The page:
Much the same thing happened with the more recent surge in Afghanistan. Candidate Obama had promised to strengthen and invigorate the U.S. war effort there and was looking for a way to make good on his campaign pledge.
Meanwhile, the U.S. military, after fumbling around in Afghanistan for seven years, finally and belatedly realized that it had adopted the wrong strategy. It had foolishly adopted a more conventional military strategy in the face of a growing Afghan insurgency.
But buoyed by its success in Iraq, the U.S. military soon came to embrace counterinsurgency warfare instead; and it told the new president that therein lays victory. Gates and Obama agreed because, short of forfeiting the war, this really was the only option available to them. (And I predict that if they stay with it, both men ultimately will be hailed as the leaders of the successful war in Afghanistan.)
Similarly, Gates is hailed as someone who forced the Pentagon to focus less on potential military threats like China and more on current conflicts like Iraq and Afghanistan. This is true insofar as it goes; however, it really doesn’t go very far.
In fact, by the time Gates took over as defense secretary, the U.S. military recognized that it was involved in a “long war” that would not end anytime soon. It realized that it needed to do more and work faster for our deployed troops overseas. After all, urgent needs statements from in theater were filling Pentagon in-boxes and raising congressional concerns.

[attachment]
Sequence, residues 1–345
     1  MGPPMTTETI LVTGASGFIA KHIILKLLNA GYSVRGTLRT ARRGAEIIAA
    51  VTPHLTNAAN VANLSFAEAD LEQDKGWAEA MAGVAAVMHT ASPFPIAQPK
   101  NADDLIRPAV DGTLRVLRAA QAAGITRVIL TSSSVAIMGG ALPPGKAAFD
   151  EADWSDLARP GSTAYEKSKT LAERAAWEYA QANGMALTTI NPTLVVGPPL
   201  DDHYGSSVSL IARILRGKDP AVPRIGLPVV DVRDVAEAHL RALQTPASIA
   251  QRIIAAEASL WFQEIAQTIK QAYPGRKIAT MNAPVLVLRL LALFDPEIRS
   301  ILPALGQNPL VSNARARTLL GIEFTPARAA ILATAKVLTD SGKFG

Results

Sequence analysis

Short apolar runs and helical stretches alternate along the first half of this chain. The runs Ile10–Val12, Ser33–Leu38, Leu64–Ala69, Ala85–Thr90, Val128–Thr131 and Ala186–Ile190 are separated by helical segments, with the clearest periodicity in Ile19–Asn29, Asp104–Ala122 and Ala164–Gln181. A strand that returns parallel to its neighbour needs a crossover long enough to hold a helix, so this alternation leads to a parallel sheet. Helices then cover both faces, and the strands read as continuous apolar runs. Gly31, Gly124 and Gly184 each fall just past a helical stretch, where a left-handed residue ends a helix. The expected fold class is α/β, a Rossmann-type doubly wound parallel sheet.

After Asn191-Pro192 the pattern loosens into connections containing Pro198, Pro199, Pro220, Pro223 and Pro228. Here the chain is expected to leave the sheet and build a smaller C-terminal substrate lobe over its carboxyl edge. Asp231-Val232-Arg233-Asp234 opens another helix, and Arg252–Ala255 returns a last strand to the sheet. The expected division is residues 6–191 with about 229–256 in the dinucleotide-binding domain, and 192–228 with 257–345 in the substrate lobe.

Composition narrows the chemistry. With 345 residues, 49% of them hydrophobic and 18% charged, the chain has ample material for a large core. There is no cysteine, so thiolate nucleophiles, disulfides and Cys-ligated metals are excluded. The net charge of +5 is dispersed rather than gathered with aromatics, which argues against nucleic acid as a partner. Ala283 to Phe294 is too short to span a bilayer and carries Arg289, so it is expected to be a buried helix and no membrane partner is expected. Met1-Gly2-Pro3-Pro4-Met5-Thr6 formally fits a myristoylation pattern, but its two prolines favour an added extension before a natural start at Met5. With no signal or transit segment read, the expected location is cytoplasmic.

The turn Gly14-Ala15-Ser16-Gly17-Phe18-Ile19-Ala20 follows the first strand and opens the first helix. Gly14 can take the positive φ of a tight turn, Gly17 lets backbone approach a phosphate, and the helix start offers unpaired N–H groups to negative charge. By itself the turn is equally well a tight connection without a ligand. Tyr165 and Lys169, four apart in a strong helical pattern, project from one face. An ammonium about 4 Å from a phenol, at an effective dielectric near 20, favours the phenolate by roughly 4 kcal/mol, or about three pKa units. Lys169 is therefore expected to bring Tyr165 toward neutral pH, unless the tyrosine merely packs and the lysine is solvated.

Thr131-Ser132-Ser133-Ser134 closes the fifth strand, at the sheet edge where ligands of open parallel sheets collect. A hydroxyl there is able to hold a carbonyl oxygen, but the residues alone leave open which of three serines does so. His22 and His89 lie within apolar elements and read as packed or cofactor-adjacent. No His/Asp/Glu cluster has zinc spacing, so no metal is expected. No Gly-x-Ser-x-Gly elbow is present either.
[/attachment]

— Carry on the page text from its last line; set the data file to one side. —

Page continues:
Gates recognized this development and gave it his formal imprimatur as defense secretary. He then reaped the public relations whirlwind for “forcing” the Pentagon to start doing more for our soldiers in Iraq and Afghanistan.
In this sense, there was widespread support within the U.S. military to focus less on exotic weapon systems and more on gear and equipment that can help our soldiers and Marines today. That’s one reason you didn’t hear much of a hue and cry within the military when Gates canceled the F-22 fighter jet, which had never been used in either Iraq or Afghanistan.
But Gates erred by eliminating and cutting ground-force modernization programs like Future Combat Systems, vehicular upgrades, and soldier networking initiatives. At a time when America is immersed in two ground wars this makes no sense. It makes even less sense when you realize that future conflicts almost certainly will be ground-intensive and thus will require the presence of American soldiers and Marines.